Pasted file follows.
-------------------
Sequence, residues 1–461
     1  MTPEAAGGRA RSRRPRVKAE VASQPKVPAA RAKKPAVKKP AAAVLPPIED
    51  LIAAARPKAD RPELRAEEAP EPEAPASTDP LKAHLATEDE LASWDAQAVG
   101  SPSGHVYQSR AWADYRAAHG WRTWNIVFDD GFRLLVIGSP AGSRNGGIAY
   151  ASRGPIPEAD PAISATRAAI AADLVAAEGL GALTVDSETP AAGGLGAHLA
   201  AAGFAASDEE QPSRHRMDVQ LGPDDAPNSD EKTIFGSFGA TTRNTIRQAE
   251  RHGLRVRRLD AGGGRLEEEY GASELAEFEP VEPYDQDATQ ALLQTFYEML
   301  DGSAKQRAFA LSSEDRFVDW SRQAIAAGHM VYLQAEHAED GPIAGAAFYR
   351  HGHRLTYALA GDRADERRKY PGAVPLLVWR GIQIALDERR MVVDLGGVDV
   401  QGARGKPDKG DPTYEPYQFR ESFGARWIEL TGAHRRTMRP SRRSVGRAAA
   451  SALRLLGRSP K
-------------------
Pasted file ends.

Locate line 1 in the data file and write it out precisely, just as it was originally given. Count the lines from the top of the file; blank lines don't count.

Sequence, residues 1–461